Saturday started with a shakedown run towards the Sumida River, right up to the Azumabashi and Komagatabashi bridges with their distinct red and blue paint jobs respectively. Since I was already close to the Kaminari-mon I decided to extend the exploratory run a little before heading the same way back.
With Tsuchiura just a little journey out of Tokyo, I thought it would be a good idea to have a recce of the area. A one way ticket isn’t that cheap at ¥1140 (cost of a good meal), but I still wanted to be sure of the place.
I’m one who want as little surprises as possible leading up to a race, so I decided to proceed. The journey was smooth and after an hour, I found myself in the small town who will be hosting about 16,000 runners the next day. The race precinct was easy to locate, just 7 minutes’ walk from the train station. The site was being prepped. There, I met a couple of runners from Wisconsin, Marie and Jaime. We chatted a bit and Marie warned me of strong winds the next day, something which I regrettably didn’t pay enough attention to.
Comfortable with the site orientation, I decided to check out the Kasumigaura Comprehensive Park (I don’t know who comes up with such names! ) a 15-minute bus ride away. The park was truly beautiful with the signature tulips and windmill, a large park where families were seen enjoying the outdoors, and patient anglers by the waterfront trying to land a catch or two. There was even a helicopter ride for those who were willing to pay for it. The skies were overcast throughout but a few seconds of sunshine peeked through and I was lucky enough to be well-positioned to take the following shot.
A few hours later, I was back at the hotel after a simple pasta dinner and proceeded to lay out all the gear. I had no trouble sleeping early that night since I had been pretty deprived of it the last 2 nights. At 5:30am the next morning, I made the short walk to Ueno Station. It was surprisingly bright by then.
I was very early just the way I like it, and there were plenty of seats available on the train which departed right on time at 6:04am. Along the way, I made some new friends from Thailand.
When Marie told me about the strong winds, I had no sense about how strong a 46km/h wind would feel like. The strongest I’ve felt was on the slopes of Hong Kong’s many hills during my DNF in TNF HKG. After collecting my race pack (KM is one of the Japanese races when foreigners get to pick up their race numbers only on race morning), I had trouble finding a sheltered spot to get ready and change into my race gear before depositing the bag. It was increasingly blustery but thankfully not too cold. I cast an eye to the skies to see the gathering of dark clouds. Weather forecast had predicted rain in the afternoon but I wasn’t too concerned since the rains I encountered over the years in Japan were nothing like the thunderstorms back home. My gear for the day was a disposable tee over the Saucony Endorphin singlet which in turn was over a short sleeve compression top. And I had a thrash bag over everything else. I had the Saucony DryLete thermal arm sleeves on but no gloves. The plan was to stash the sleeves into the race belt once I warmed up along the course.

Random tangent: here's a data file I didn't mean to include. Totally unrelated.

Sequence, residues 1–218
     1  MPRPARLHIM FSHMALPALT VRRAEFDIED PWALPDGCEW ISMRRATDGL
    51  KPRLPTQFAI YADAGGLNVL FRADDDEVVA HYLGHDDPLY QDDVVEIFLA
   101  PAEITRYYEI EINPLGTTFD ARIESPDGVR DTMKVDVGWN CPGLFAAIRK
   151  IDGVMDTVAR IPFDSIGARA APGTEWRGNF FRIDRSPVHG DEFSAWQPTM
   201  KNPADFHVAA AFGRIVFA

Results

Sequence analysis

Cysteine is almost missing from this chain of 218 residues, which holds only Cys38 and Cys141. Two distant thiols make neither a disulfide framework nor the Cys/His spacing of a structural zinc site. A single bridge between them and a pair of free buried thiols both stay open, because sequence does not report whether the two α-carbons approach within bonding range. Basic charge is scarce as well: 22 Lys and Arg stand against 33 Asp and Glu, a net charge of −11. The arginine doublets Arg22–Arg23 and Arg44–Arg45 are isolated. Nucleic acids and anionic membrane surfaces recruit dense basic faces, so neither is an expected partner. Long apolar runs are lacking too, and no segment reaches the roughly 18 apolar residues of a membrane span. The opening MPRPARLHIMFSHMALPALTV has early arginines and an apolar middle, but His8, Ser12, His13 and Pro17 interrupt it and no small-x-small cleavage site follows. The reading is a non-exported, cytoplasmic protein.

With 90 minutes to go, I scurried to the pier-side to warm up with some strides and stretching before joining a queue for the Family Mart toilets. The KM organizers got it right this time by providing plenty of porta-potties but Family Mart was the nearest to where I waited. Plus, it was warm inside!
Before the flag off, I needed a second visit to the loo having guzzled down a bottle of sports drink prior. I was definitely well hydrated. The sugar rush must’ve got to my brain because I started off with the masses only to realize that it was the 10-mile race! Luckily I “woke up” in time and sheepishly made my way back to the marathoners who were still waiting! Had I crossed the starting line, I was sure to have been DQ’d. Sharp 10am, the fireworks were lit and we were finally released.
The start was crowded but with fresh legs, everyone was going the same pace. The congestion lasted only a Km and the roads gradually opened up. The next 5K taking us gradually away from the town center. For a comparatively small population to, say Tokyo or Osaka, the level of support from the folks were fantastic. Everyone was so eager for a high-five, from kids to the old folks!
Things were always great the early stages of a marathon and there’s really nothing to report other than I’m still able to keep to a consistent pacing, the enjoyable running and good crowd support. Even the PF was behaving. At the same time I was under no allusions that I will not suffer eventually. Nevertheless, I averaged 5:23 in the early stages and the trouble with the early inclines didn’t materialize. I stuck to my trusted fueling plan of a gel every 25 minutes and a cup of water/sports drink at alternating stations. At the 22K mark, a pee break was so well executed (I spotted a row of toilets and as I approached, the first door open and I ran straight in!) that I lost only 20 seconds that K.